Methanol: the next hydrogen?

Methanol is becoming more exciting than hydrogen as a clean fuel to help decarbonize transport. Specifically, blue methanol and bio-methanol are 65-75% less CO2-intensive than oil products, while they can already earn 10% IRRs at c$3/gallon-equivalent prices. Unlike hydrogen, it is simple to transport and integrate methanol with pre-existing vehicles. Hence this 21-page note outlines the opportunity.

The objectives and challenges of hydrogen are summarized on pages 2-3. We show that clean methanol can satisfy the objectives without incurring the challenges.

An overview of the methanol market is given on pages 4-5, to frame the opportunity, particularly in transportation fuels and cleaner chemicals.

Conventional methanol production is described on 6-8. We focus upon the chemistry, the costs, the economics and the CO2 intensity.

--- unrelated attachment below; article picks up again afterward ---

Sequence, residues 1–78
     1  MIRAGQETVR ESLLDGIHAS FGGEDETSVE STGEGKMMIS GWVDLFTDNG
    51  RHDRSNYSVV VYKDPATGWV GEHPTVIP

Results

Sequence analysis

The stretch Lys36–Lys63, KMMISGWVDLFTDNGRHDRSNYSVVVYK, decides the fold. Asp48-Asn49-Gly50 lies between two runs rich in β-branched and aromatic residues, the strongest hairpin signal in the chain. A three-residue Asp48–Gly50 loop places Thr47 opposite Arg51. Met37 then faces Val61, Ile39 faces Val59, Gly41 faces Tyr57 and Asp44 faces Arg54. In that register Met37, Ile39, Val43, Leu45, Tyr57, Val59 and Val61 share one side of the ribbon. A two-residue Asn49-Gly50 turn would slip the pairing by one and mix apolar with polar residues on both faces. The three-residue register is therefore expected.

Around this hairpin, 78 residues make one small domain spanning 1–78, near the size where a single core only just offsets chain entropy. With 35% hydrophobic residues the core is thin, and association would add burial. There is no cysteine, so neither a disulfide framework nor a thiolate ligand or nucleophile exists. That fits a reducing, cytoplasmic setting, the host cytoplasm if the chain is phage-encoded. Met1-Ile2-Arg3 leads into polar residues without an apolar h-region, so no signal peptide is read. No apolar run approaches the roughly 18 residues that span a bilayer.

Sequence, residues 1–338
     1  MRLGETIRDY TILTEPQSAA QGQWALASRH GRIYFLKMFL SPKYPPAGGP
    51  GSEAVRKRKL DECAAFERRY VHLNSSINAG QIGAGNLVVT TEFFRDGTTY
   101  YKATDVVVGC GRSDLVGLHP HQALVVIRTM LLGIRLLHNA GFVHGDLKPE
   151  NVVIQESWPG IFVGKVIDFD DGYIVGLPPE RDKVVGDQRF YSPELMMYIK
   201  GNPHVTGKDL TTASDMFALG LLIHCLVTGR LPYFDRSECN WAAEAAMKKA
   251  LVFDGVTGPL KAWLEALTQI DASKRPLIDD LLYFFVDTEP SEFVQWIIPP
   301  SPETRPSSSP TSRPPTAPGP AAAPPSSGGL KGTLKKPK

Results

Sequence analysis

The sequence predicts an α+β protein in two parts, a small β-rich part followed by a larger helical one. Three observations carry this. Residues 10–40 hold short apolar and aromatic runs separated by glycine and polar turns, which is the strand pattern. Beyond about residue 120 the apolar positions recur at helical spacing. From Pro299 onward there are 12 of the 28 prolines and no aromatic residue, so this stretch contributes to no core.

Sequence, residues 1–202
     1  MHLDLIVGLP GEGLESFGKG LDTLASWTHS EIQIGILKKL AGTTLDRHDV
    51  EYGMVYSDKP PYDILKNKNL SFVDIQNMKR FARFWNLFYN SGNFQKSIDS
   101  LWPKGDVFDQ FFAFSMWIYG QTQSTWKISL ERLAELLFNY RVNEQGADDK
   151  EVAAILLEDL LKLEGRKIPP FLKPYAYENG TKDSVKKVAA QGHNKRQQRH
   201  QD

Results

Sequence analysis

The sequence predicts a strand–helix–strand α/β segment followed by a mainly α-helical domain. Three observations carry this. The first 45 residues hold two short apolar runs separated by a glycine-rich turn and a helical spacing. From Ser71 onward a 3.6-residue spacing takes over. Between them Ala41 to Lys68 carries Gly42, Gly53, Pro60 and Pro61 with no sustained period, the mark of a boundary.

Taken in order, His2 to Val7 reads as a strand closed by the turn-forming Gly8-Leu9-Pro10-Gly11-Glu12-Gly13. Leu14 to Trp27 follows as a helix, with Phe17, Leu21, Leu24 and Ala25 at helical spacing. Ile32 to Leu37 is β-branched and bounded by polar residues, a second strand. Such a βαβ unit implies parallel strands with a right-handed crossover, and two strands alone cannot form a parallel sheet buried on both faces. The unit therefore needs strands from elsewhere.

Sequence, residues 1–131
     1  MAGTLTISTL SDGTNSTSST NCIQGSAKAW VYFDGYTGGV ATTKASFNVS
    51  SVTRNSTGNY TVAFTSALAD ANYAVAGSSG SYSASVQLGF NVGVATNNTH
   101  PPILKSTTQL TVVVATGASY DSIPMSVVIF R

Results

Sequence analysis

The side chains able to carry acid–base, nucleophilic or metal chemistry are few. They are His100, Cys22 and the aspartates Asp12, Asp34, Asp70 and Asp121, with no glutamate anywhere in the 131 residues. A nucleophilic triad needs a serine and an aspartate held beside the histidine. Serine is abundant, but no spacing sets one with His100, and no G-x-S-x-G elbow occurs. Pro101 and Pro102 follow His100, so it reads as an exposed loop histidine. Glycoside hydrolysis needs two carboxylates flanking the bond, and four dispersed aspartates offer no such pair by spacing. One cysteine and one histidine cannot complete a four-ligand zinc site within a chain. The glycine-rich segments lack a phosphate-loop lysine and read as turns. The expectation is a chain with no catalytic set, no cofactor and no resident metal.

Bio-methanol is modelled on pages 9-10. We also focus upon the costs, economics and CO2 intensity, including an opportunity for carbon-negative fuels.

Blue methanol is outlined on pages 11-15. Converting CO2 and hydrogen into methanol is fully commercial, based on recent case studies, which we also use to model the economics and CO2 credentials.

Green methanol is more expensive for little incremental CO2 reduction, and indeed some routes to green methanol production are actually higher-CO2 (pages 16-18).

Companies in the methanol value chain are profiled on pages 19-20. We focus upon leading incumbents, technology providers and private companies commercializing clean methanol.

Our conclusion is that methanol could excite decision-makers in 2021, the way that hydrogen excited in 2020. This thesis is spelled out on page 21.